If you thought you had a handle on the future of retail, you may want to start thinking convenience and price as the biggest consumer drivers over the next five years.
4.4 Billion hits on Google. That’s how many search options I receive when I type in Customer Experience. Everyone is in on it. From training organizations, consulting firms to technology companies. There is a sales pitch everywhere, everyone has an angle. I do wonder if anyone really has a solid strategy on how to zone in on any customer experience? I am quite confident, that despite many claims, there is no one approach fits all and therefore it would be misleading of me to claim one is better than another. However, during my career, we built our customer service from the inside out. Oh and we used that rare resource called people to deliver it. We developed the programs from within and trained from within. Culture, is everything when it comes to satisfying customers. But today I am going to try to change your opinion it’s not customer experience you're trying to resolve for, it’s customer expectations. Why? Customer expectations don’t always match the experience you are trying to deliver. In fact, we are most likely wrong than we are right.
First this, I am driven by healthy skepticism that I shoulder because I don’t like making any business judgements based on assumptions. So, I conduct research even if it is low level and it could need more detail, nevertheless, most of the time it turns out to be fairly accurate.
So here goes.
Consumers want more free personal time. I’ve dubbed it the coming leisure society. An article written in the 1960s started the forward thinking about how technology was going to change our lives and we would become utopian consumers enjoying the benefits of computers, AI, robotics and all of us would be the benefactors financially from these machines. Well, they were right machines have been monetized and you are benefiting only if you’ve invested in them early. However there is no question about our demand for leisure, the pandemic has seen to that as well. Work from home is not only possible it’s exposed us to what’s missing in our personal lives, more free time to do the things we want to do.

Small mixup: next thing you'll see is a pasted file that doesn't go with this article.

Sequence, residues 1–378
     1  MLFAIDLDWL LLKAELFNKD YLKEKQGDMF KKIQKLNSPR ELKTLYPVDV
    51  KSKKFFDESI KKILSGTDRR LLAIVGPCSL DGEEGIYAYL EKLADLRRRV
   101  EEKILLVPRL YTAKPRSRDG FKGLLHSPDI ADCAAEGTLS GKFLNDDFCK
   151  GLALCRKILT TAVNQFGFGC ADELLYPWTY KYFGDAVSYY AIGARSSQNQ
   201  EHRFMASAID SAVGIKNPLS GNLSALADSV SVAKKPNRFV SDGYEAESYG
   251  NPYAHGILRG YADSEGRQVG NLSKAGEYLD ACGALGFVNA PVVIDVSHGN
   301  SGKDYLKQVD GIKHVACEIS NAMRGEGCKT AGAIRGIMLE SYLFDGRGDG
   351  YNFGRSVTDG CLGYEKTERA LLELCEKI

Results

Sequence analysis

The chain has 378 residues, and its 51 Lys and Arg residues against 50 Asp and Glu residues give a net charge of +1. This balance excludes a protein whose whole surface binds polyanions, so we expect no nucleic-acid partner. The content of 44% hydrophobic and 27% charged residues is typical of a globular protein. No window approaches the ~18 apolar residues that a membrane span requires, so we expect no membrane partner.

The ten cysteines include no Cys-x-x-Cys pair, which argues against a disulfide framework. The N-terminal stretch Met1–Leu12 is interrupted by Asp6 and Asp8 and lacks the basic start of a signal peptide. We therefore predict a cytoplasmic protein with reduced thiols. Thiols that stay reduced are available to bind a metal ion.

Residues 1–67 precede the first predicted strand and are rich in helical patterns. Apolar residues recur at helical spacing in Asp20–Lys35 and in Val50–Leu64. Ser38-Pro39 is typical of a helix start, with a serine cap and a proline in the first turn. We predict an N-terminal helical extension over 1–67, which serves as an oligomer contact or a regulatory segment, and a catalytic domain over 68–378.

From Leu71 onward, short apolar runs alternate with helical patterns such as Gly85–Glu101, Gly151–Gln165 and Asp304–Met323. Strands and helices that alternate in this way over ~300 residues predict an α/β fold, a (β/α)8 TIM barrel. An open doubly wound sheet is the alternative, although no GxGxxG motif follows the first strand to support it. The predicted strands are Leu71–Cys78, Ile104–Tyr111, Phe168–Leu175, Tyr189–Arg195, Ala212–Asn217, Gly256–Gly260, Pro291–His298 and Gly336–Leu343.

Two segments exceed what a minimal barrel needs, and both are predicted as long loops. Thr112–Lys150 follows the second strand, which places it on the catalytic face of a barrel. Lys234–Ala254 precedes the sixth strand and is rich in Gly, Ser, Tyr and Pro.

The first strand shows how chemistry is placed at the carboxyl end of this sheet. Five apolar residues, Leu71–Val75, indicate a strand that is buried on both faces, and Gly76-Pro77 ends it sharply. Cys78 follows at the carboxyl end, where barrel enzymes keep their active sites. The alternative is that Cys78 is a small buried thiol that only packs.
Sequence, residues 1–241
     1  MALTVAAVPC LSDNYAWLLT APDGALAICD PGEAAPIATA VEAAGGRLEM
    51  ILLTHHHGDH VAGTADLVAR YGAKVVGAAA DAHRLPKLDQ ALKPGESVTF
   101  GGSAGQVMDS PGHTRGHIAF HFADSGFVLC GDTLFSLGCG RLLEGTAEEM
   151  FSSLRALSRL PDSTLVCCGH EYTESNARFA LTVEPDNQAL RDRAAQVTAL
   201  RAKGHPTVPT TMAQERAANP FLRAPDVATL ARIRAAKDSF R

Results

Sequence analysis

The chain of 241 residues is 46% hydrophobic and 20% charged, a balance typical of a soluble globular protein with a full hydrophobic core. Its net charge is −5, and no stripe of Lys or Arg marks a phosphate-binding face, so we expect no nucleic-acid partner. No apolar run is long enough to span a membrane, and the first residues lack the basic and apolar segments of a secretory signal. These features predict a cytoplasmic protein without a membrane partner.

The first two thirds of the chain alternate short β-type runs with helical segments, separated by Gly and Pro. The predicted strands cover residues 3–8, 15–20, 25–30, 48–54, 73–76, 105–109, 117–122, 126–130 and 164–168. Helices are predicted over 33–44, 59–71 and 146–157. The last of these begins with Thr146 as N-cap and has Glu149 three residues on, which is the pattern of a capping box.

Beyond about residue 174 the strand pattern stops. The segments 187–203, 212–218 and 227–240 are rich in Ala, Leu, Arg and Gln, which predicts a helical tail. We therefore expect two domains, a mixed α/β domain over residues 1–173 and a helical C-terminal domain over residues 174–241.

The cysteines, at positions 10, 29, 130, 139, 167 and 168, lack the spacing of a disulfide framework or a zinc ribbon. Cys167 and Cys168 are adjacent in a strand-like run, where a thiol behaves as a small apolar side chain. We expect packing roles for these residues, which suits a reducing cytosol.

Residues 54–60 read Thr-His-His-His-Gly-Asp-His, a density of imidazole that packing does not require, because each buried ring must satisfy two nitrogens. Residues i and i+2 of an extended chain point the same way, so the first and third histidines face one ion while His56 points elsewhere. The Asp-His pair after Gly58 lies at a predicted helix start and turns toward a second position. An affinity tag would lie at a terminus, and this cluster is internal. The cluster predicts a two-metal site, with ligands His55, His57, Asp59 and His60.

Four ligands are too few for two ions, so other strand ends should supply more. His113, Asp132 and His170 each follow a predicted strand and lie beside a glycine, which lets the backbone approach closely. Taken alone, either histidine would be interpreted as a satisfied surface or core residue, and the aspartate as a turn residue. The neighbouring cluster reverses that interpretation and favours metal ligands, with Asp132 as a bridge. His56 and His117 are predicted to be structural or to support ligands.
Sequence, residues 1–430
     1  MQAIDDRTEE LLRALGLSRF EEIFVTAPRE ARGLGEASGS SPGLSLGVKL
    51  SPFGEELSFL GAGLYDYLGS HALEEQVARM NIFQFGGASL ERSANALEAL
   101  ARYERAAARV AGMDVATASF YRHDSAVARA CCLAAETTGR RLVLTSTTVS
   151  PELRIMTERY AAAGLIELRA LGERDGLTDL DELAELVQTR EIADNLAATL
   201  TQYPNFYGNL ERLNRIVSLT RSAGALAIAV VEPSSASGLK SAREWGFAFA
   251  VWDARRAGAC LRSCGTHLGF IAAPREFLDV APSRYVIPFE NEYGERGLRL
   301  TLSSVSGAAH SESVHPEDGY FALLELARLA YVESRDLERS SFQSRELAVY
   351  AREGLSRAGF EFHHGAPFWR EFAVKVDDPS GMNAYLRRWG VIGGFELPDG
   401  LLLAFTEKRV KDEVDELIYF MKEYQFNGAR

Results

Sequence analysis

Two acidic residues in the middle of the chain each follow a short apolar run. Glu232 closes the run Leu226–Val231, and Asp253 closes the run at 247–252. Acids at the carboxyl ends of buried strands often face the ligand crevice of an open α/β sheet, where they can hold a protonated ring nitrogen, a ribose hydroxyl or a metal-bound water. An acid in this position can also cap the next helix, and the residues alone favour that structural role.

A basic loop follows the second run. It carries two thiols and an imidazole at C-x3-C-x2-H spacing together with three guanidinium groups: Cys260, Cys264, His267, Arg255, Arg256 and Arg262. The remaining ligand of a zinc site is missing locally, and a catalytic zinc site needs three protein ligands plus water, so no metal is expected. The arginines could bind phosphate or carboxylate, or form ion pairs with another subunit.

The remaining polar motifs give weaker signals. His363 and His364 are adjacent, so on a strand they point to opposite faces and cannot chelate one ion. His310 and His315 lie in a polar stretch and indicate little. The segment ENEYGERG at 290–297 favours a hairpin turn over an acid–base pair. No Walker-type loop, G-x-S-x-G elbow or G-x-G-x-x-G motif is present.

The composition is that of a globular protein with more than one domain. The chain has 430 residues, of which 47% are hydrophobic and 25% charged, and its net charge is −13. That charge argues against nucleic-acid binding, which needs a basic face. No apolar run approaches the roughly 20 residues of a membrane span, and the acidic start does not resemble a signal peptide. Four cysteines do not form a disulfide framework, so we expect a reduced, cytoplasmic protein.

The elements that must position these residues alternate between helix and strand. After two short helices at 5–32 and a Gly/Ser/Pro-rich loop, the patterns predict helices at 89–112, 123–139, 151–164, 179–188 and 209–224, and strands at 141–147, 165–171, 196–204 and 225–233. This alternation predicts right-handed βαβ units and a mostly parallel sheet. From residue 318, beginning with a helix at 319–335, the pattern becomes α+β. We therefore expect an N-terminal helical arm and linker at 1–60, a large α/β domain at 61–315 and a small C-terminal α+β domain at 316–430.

If we didn't have to work we wouldn't
Realistically, I don’t believe anyone wants to be on commuter trains, buses or driving on the highway to work if they had a choice. And some as we know are being offered those choices. And I believe that there is a difference between shopping for the mundane and shopping for personal satisfaction, retail therapy for anyone that insists that we call it that. Everyone likes to shop but shopping for pleasure versus the mundane needs in life are not the same. In addition the pandemic proved that consumers had no problem shifting to e-commerce and going out less, not having to deal with inconvenience. Another thing that most of us can do without. In essence I am of the conviction that when it comes to Customer Experience versus Customer Expectations we have it all wrong.
In fact, I was looking to validate that consumers will tolerate only so much friction and inconvenience. And that intolerance will continue to grow. Consumer behaviors have changed a great deal and if anyone believes that all of this will correct itself, they are in for a surprise. If I were leading another retail chain today my teams would be focused on eliminating all bottlenecks that impede service. In other words stop the friction become far more convenient.
What is Friction?
By the way my definition of F.R.I.C.T.I.O.N is as follows: “Flawed Reoccurring Instances Creating Tense Inconvenient Outcomes Needlessly.” Basically it speaks to the overwhelming processes retail operators create that lead to many of their problems with an overall and I use this loosely “experience.” However eliminating them is something that may need a different article and analysis.
To prove that convenience and price are drivers, I conducted a poll during the week of July 4th to July 11th of 2021. There were approximately 1,627 respondents to the poll, the target market was exclusively Canada. The question was quite simple.